A fine payment of 1 billion yen is ordered by a ticket sales company hacking a rival company like a ``business strategy''
ticket company in the United States, has admitted that its employees hacked into Songkick , a former rival company he worked for, by using unauthorized login information, $ 10 million I agreed to pay a fine of (about 1 billion yen).
Ticketmaster, the largest
DEFERRED PROSECUTION AGREEMENT Cr. No. 20-563 (MKB)
Ticketmaster to Pay $10M Fine Over Charges It Hacked Rival's System - Variety
Ticketmaster admits it hacked rival company before it went out of business | Ars Technica
In 2020, Ticketmaster acknowledged in a document filed with the U.S. Department of Justice that its employees sent Songkick account login information to Ticketmaster between 2013 and 2015. The login information was the login credentials for multiple accounts used to manage pre-sale tickets. This employee actually logged into his account illegally during a meeting held at Ticketmaster and advocated the usefulness of hacking as if it were a legitimate business strategy.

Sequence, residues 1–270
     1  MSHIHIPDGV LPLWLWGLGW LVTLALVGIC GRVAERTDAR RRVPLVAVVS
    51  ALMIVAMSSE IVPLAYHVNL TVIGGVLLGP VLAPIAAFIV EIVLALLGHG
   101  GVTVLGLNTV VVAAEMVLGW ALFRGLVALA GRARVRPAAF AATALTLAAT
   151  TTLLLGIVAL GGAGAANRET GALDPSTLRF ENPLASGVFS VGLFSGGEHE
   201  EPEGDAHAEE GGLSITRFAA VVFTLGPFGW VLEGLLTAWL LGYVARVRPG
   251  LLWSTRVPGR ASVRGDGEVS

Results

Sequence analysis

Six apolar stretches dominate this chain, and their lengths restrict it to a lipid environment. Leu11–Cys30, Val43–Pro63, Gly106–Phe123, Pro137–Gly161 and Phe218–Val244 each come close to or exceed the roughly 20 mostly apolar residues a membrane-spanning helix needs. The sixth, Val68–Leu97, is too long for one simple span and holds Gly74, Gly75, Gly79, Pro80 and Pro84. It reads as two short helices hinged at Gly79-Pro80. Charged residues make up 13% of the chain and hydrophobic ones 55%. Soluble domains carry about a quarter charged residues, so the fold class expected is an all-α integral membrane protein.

Additionally, in 2015, the employee discovered a flaw in the URL generation scheme for an unpublished ticket page on Songkick and informed Ticketmaster management of a way to quickly get information about new artists and more. thing. Ticketmaster has used these methods to create a situation where artists can be negotiated to use their services. The employee was later promoted to the position of Director of Customer Relations.
In February 2017, Songkick filed a federal lawsuit against Ticketmaster, which had previously been suspected of violating antitrust laws , for violating antitrust and anticompetitive behavior . In response, Ticketmaster has dismissed two officers for being ``involved in hacking''. However, the problem is still not resolved, and Songkick will go bankrupt in October 2017. Songkick's CEO Matt Jones touched on antitrust and hacking in a letter to customers, stating, 'It's still going on as of October 2017.'
A formal trial began in November 2017, and in January 2018, Ticketmaster agreed to pay Songkick a settlement of $ 110 million (about 11 billion yen) regarding the antitrust law. After that, in 2019, after the officer admitted to the crime of hacking, Ticketmaster also officially admitted to the hacking, and in this ruling, a fine of about 1 billion yen was ordered for computer intrusion and fraud crimes.
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